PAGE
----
Sam Saghatelian (Sam Saga.) graduated from Yerevan (Armenia) Institute of Architecture and pursued a career in architecture. In 1988 at the brink of the collapse of the USSR and Armenia's independence, he changed directions and began his journey as an artist.  In 2001 Saghatelian represented the Armenian pavilion in the 49th Venice Biennale in Italy (Plateau of Humankind).  In 2002 he was awarded a Fellowship for Arts Link (New York) and Vermont Studio Center in Vermont, one of the largest international artists' and writers' residency program in the United States and had his first solo exhibition there. Saghatelian currently lives and works in Los Angeles and is the chief curator at Black Maria Gallery.

 

THOMAS WARGIN

Inspired by the rich history of art and design and his background as a designer for Harley Davidson Motorcycles, sculptor Thomas Wargin uses bronze and aluminum to convey his view of the human experience – the merger of man into the modern world. "I am driven by the history of art and design and am inspired by some of the great masters; Michelangelo's love for the human form, Leonardo Da Vinci's exploration of machines and mechanisms, and Pablo Picasso's extraordinary influence on the modern movement. All these and many others have laid stepping stones of ideas that have influenced my own work and a continued urge for excellence," states Wargin.  Blending old and new technique, Wargin begins his creation with sketches, which evolve into clay or carved 3-dimensional forms.  Using various molding techniques, resin models are created and are hand packed into flasks with casting sand, ready for the casting process.  Wargin then melts aluminum and bronze. After cooling, parts are assembled for rough fit and positioning.  Meticulously he either welds or drills, tap and screw every component together to check for form, fit, and overall composition.  Some pieces are then disassembled to be polished or sandblasted.  He completes the desired finish through high polish buffing or patination.  Some of Wargin's art adds a diverse mixture of materials both raw and manmade such as: various woods, stone, glass, or even original drawings.  With the combination of these materials, Wargin's goal is to compliment not compete in the composition and make it more inviting. This type of processes and materials allow his work to be spontaneous and assures each piece an original.  Thomas Wargin earned his BFA at the Milwaukee Institute of Art & Design.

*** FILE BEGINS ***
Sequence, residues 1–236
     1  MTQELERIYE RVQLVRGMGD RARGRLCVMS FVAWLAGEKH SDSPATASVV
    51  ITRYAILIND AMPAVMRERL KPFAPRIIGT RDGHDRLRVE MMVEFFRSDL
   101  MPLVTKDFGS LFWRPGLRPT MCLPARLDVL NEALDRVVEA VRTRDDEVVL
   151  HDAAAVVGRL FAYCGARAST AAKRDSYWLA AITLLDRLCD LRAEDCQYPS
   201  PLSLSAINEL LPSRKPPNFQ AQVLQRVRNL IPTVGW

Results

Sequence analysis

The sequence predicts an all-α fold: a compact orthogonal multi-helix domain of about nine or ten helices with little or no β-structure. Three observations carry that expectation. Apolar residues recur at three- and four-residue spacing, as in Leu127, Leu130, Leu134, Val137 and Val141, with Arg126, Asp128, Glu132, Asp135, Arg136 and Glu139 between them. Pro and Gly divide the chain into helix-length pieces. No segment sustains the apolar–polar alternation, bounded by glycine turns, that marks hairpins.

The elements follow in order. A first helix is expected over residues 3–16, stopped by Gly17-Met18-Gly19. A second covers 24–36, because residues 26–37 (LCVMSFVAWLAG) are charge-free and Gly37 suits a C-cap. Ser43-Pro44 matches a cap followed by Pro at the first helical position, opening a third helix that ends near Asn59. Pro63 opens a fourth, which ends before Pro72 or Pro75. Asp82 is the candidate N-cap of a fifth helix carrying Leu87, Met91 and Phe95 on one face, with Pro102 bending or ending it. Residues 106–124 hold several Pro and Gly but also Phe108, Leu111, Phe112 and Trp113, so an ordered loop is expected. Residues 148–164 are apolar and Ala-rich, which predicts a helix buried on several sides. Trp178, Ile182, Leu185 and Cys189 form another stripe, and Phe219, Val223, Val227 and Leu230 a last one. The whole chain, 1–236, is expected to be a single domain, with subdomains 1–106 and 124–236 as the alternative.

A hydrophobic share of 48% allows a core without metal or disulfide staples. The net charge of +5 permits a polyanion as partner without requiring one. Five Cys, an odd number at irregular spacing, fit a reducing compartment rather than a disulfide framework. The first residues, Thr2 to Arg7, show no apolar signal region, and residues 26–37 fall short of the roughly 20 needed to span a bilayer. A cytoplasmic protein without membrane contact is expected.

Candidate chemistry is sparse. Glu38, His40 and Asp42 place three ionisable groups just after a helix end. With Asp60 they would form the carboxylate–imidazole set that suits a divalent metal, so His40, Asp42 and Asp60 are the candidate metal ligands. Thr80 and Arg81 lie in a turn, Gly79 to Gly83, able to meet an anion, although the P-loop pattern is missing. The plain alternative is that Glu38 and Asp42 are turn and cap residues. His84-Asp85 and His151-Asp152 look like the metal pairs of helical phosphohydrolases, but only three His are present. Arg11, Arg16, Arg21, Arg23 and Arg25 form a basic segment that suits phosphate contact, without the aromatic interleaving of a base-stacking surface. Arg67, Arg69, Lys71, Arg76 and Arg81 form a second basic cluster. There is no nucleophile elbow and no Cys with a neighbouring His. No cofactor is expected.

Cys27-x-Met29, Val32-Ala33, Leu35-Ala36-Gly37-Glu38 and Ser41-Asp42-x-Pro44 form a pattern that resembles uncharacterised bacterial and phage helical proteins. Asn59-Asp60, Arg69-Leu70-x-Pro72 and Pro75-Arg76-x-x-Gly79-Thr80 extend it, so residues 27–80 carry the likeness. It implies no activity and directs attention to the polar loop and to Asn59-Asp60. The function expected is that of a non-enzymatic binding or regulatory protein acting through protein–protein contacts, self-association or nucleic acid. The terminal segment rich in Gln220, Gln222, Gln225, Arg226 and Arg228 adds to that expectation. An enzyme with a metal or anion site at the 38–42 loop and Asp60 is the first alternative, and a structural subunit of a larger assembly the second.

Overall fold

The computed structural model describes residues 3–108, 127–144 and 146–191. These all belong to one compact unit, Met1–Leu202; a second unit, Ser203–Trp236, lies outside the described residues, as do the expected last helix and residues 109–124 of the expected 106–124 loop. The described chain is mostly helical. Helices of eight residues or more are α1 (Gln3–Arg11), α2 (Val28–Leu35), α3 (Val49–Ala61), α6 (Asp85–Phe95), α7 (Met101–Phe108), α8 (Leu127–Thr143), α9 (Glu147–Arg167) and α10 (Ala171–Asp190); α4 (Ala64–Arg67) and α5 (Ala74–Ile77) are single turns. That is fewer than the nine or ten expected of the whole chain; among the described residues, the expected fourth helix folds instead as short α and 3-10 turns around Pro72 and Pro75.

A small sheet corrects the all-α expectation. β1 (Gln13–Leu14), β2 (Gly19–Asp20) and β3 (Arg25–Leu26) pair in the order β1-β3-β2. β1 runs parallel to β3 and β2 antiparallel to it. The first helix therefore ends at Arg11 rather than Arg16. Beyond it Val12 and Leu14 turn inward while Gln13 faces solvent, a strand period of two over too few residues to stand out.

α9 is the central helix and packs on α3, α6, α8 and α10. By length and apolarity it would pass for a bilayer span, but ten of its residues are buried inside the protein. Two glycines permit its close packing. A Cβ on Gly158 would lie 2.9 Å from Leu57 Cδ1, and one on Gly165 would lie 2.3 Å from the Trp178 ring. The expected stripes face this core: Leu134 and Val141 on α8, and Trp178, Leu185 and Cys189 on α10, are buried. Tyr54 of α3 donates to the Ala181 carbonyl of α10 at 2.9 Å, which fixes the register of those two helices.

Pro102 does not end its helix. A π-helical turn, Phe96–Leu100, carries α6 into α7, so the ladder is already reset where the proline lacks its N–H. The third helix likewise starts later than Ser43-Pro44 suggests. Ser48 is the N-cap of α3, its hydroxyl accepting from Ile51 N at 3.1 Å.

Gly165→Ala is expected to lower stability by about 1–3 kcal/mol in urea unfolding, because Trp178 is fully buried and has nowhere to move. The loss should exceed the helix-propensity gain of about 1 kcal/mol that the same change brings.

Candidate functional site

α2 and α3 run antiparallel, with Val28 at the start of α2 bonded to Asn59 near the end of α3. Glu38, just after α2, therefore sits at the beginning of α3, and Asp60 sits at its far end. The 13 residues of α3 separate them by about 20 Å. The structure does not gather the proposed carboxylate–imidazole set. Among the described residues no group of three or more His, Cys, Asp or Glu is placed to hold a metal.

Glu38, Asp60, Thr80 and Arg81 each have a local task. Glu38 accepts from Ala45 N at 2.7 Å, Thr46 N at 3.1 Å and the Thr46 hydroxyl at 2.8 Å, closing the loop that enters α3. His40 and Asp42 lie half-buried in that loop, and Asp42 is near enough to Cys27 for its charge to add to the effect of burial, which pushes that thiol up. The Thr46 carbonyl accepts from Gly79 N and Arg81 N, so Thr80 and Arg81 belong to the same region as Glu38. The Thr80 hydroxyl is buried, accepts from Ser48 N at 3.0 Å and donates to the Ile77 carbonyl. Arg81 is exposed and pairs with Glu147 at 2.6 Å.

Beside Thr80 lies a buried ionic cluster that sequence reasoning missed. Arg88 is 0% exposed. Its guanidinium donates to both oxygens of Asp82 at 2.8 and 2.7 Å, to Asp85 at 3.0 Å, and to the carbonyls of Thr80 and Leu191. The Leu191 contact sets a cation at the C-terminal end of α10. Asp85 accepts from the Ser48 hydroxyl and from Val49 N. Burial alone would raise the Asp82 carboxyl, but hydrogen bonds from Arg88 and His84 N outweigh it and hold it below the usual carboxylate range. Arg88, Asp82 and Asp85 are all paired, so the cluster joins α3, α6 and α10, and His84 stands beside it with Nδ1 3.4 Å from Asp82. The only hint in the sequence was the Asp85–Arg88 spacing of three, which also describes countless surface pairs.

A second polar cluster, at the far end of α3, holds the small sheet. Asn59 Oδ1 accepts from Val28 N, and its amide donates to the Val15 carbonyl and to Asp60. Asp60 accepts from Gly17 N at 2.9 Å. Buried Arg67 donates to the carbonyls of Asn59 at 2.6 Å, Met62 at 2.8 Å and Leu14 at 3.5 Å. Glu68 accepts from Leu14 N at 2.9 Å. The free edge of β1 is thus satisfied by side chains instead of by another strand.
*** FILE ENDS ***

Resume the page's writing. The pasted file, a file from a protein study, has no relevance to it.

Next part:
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La Luz de Jesus is located at the Soap Plant/Wacko building, in Los Feliz at 4633 Hollywood Blvd, Los Angeles, CA 90027. Gallery hours are Monday – Wednesday: 11am – 7pm, Thursday – Saturday: 11am – 9pm and Sunday 12-6pm.  For high resolution jpegs, interview requests and more information contact: Lee Joseph Publicity, 359 E. Magnolia, Suite F., Burbank, CA 91502, leejemail@gmail.com, p (818) 848-2698  f (818) 848-2699.



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LJP for the Visual Arts
818-848-2698 (p) 818-848-2699 (f)

http://leejosephpublicity.com

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La Luz De Jesus/Billy Shire Fine Arts Press